What if they actually wish to establish strong ethical standards from a professional standpoint?
    What if the problem is a general lack of control of those who find themselves with the authority of power?

    The very best thing about the cooperative is that those are given ‘power’ ALWAYS know that they are being watched by others who have greater power to bring them to order.

    Like

  • If we needed our brightest to demonstrate leadership it is now!

    Liked by 1 person

  • David

    I do not know if those who have destroyed the country realized what position we held in this region and how we were regarded by the people in the region?

    I suddenly, realized how blessed I was to be called Bajan in America, when I was told by several West Indians around my own age that they went to school without shoes in the 70s and 80s.

    And to make matters worse, there were no such thing as free biscuit, milk and lunch provided for these people… because they had bring their own lunch or walked home for lunch because in 70s and 80s people were schooled in close proximity to their homes.

    David, do you know that Jamaicans to this day have to pay to going primary and secondary public school?

    Like

  • Happy New Year to you David and all of the fellas on BU…

    Liked by 1 person

  • They need to stop talking shit & press on like the guys in the video.

    Like

  • Bushie, ya does mek I larf!
    Let me tell you the position of the Bar Association – it is….SHOW ME THE MONEY.
    Ethical standards to Barbadian lawyers simply means “have we squeezed sufficient blood from our marks, sorry, clients”.
    Nothing will change until some of them get free accommodation at government expense, and since the whole so-called justice racket is in the hands of the filth who shame it, we are f’ed. Perhaps a little direct action from some of the dispossessed is needed.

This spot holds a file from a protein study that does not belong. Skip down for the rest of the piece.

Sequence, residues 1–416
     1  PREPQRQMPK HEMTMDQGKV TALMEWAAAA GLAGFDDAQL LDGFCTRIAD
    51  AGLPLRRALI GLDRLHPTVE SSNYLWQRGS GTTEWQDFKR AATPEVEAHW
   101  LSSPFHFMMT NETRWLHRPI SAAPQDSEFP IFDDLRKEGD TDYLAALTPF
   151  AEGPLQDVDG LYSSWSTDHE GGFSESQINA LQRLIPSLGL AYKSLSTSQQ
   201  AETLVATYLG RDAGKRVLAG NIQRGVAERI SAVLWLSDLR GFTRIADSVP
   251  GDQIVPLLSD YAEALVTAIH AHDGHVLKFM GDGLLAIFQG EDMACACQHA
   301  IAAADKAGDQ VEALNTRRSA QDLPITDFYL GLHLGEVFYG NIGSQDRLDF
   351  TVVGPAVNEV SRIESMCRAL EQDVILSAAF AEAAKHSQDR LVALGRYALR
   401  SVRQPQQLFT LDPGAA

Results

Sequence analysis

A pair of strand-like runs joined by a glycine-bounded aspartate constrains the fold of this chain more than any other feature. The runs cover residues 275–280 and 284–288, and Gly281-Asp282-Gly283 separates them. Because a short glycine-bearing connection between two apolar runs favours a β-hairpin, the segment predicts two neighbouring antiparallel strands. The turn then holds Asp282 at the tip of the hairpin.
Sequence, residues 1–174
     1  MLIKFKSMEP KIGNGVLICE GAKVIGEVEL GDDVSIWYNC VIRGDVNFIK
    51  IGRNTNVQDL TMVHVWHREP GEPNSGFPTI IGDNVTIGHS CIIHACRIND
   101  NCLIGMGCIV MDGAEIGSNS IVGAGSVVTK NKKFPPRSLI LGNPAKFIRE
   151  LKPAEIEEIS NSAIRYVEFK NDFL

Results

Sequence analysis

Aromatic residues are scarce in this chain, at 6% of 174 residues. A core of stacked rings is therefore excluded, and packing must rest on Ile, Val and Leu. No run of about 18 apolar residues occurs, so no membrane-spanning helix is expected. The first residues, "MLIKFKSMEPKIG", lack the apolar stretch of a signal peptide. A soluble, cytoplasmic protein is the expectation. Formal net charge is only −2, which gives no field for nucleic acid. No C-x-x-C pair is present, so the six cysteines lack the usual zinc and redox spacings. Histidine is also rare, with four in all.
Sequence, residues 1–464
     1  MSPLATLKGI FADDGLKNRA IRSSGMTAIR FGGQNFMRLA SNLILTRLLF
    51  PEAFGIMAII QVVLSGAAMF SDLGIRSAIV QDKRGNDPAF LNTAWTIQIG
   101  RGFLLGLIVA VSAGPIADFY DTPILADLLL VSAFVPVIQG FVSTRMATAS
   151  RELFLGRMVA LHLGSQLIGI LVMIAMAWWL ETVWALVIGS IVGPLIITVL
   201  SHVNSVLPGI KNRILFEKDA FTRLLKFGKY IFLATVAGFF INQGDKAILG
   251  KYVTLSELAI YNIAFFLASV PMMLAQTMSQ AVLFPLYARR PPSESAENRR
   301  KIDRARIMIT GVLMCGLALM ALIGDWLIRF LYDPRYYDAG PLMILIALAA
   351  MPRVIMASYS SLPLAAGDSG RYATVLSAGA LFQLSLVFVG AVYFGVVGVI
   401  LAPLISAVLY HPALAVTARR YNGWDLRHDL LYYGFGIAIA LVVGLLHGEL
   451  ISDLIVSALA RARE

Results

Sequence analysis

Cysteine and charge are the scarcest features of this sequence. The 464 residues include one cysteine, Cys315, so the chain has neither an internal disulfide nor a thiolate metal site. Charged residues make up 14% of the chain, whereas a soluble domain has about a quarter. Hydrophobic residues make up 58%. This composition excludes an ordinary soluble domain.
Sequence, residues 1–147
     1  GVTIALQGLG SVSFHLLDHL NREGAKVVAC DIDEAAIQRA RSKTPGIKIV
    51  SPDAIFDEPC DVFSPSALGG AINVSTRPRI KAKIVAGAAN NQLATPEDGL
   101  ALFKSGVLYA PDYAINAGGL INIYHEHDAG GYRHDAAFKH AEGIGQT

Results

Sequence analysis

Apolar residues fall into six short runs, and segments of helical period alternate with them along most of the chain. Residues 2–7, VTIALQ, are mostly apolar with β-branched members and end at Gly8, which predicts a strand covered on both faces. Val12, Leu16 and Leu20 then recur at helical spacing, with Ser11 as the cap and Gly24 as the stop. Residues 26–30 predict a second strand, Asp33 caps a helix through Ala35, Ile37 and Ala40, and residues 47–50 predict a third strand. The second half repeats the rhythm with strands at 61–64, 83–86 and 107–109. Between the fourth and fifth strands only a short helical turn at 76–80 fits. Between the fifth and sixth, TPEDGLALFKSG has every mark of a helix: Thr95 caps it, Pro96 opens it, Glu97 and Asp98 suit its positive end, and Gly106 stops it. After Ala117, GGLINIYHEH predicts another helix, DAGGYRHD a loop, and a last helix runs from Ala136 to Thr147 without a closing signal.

Happy New Year 🤡

    Liked by 1 person

  • Akentenl

    It is sad state of affairs when we have political leaders who think that it is more important to launch rockets into space, and at the taxpayers expense rather than to provided the means whereby willing people can make an honest living to take care of themselves and their families.

    And some religious leaders who do just enough to appeased their conscience, but who are otherwise cognizant of fact that some young child out there could have gone to bed with full stomach hadn’t the majority of tithes and offerings gone to the building fun.

    Liked by 1 person

  • Akentenl

    This is my very last point for the New Year: but one has to wonder and wonder most fervently, as to what has happened to utilitarian principle which guided the political leaders of old.

    Like

  • Bushie

    Certainly something is wrong with a picture where the ‘professional’ body for engineers, at least some engineers, is venturing to make public comment on economic management. This seems to violate the very professional standards espoused.

    What of the Economic Society? And what will BAPE have to say if outcomes are not what they expect? Will they then take responsibility?

    Something is also wrong when people like David would think that that is a ‘demonstration of leadership.’

    To us it smacks of political yard-fowlism of the worst kind. And plays into a kind of one-party statism to which Barbados has always had general tendencies.

    If BAPE is going to congratulate this government, we should also seek to find out whether they also congratulated the last government for doing such a good job at destroying the country.

    How come BAPE has not the opposite of congratulations for government’s misfiring on the south coast sewage system, a matter in which their members would have an obvious interest.

    You get our drift.

    Once ‘professional’ associations get involved in obsequious seeming relationships with any administration it cannot properly serve public interests and leads to internal turmoil, within that association, once the political winds change. Have we not experienced this?

    The proper role of BAPE should include the representation of their members, not all could be expected to be supportive of this regime. Also to be an unimpeachable source for scientific information on which all parties, no pun intended, could reliably depend.